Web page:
Cortez Fishing Village, a quaint and colorful throwback to simpler times, lies just off the main artery of the boom-and-bust strip mall experience of southwest Florida in Bradenton. Nestled at its tip is the A. P. Bell Fish House, one of the last working fish house on the state's west coast. The community's fleet comprises a hundred boats, and its economy rests on the sea. Eighty-six-year-old Walter Thomas Bell, son of the fish house's founder, still goes in every day to see that things run smoothly. His daughter, petite and soft-spoken Karen Bell, the day-to-day manager of the entire business, which also includes a fish market and a restaurant, is uncharacteristically concerned. The Bells have seen a lot. Sunken boats from an unnamed hurricane still riddle the harbor, creating nesting areas for local fish. The net ban and various moratoriums forced many of the fishermen into new lines of business or changes of methodology. But nothing has been as unsettling as the BP oil spill.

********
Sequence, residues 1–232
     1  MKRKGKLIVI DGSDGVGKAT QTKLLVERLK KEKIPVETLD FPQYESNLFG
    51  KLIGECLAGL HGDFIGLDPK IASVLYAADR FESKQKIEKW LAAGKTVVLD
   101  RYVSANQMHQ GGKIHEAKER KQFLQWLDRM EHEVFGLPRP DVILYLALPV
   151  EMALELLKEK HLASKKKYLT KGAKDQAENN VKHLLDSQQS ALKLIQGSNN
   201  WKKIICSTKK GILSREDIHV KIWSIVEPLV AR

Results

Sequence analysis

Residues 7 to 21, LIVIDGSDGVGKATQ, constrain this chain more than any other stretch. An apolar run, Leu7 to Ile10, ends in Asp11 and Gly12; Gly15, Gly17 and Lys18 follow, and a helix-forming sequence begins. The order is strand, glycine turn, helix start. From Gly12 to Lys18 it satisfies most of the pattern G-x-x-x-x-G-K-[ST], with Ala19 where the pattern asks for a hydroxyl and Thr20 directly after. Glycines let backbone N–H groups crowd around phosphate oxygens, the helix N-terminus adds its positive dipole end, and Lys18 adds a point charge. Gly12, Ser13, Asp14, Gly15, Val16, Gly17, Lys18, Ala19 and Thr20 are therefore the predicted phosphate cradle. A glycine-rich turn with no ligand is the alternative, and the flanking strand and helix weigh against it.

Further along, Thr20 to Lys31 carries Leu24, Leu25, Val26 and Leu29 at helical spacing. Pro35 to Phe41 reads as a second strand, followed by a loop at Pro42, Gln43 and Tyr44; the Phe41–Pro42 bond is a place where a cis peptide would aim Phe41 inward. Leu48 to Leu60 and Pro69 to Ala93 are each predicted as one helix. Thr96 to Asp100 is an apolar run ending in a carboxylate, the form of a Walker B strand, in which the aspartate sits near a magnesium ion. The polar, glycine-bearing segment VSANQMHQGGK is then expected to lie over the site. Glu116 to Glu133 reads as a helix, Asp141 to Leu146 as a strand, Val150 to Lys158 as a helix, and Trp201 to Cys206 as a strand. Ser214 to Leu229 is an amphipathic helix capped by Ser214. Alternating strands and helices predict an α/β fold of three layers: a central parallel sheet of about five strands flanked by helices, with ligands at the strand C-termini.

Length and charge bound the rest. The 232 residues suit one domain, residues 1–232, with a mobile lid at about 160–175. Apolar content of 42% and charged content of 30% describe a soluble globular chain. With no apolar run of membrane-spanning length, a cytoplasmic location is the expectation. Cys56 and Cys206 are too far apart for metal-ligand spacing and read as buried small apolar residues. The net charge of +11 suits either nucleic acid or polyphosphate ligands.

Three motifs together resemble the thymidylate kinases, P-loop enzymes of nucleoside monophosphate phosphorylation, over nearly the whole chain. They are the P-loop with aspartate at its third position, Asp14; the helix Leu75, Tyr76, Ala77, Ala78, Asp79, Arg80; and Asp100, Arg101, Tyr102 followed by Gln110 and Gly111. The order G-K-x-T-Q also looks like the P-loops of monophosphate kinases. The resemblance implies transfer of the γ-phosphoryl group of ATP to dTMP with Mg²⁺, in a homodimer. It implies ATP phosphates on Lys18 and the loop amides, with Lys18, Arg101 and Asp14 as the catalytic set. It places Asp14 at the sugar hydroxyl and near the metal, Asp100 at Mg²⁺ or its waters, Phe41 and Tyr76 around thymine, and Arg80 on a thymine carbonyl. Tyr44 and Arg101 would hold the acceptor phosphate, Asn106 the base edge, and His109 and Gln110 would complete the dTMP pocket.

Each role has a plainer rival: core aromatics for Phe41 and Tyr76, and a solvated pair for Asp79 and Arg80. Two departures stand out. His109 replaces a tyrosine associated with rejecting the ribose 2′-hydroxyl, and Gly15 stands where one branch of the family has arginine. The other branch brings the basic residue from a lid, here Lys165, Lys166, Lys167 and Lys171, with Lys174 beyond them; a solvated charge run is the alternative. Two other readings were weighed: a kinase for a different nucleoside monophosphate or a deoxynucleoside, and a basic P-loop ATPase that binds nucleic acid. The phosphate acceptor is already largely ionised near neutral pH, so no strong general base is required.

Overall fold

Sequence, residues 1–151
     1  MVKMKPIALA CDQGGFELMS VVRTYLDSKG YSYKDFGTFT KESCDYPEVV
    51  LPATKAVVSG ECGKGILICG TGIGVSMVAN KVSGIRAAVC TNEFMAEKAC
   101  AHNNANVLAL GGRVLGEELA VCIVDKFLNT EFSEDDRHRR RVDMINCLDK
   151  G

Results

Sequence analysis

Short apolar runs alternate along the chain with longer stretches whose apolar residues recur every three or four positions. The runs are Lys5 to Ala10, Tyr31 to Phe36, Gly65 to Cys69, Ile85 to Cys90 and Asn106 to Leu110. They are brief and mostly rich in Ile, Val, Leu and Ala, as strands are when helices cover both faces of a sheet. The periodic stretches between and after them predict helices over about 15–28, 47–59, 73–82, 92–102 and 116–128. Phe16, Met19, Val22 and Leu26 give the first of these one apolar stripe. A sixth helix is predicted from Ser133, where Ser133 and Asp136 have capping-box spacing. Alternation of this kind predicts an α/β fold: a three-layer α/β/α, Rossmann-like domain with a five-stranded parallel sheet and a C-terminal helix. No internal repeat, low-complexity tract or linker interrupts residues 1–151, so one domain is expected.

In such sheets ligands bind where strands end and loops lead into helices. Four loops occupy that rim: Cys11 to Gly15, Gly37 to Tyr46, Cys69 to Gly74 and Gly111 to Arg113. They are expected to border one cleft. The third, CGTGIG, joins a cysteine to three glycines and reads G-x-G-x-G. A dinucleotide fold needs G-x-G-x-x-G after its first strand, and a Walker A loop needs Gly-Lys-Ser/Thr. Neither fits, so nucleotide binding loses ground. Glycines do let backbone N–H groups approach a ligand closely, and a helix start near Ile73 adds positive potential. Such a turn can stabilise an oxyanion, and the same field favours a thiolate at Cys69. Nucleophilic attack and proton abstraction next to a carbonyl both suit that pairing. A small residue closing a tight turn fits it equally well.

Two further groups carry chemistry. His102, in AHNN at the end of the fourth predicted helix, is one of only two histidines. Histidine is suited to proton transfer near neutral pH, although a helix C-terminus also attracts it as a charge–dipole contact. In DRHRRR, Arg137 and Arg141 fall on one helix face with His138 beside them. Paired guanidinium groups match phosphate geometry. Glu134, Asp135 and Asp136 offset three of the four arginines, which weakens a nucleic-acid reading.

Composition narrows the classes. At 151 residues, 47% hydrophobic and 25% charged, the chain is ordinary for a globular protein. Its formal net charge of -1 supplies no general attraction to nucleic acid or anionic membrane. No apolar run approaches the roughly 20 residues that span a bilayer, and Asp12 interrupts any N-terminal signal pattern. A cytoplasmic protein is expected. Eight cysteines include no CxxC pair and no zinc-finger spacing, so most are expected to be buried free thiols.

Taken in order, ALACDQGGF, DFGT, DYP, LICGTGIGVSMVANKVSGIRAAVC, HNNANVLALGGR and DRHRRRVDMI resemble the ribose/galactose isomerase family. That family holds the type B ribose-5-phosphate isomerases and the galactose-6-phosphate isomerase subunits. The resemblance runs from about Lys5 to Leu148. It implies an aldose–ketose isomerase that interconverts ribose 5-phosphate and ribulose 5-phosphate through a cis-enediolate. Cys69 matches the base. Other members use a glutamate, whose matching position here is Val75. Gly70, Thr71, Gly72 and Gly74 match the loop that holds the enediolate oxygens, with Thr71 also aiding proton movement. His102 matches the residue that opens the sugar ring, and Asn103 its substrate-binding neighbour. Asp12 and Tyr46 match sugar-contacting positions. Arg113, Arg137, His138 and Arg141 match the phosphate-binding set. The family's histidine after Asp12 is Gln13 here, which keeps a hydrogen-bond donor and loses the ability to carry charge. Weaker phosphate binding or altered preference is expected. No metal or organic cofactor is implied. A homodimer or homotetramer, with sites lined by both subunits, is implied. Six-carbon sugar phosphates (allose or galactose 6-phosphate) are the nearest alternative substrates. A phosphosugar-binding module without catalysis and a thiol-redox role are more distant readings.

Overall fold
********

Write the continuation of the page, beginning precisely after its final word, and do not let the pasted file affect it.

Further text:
Karen Bell is also angry, and not only with those who mismanaged the oil rig; she is angry with the media. Florida's commercial fishing boats do not fish in any waters affected by the spill, and the state's Department of Agriculture spot-checks the fish for pollutants—as of yet, nothing has been found—and updates its reports daily at www.fl-seafood.com/hotline.htm. Certainly, no one wants anyone to eat anything toxic. But Karen has seen a precipitous drop-off in clientele. Restaurants have been opting not to order local fish, solely out of fear. Much of A. P. Bell's catch is shipped to other states and countries; how anxiety over the spill will affect those markets is still unknown. What Bell does know is that, for now, her fish are safe. She hopes that everyone will help support the local economies that haven't yet been hit by the devastation. She knows it's coming, and she and the rest of Cortez are trying to figure out how to prepare for it. But they are fishermen at heart, with great perseverance and equally great hope for the future.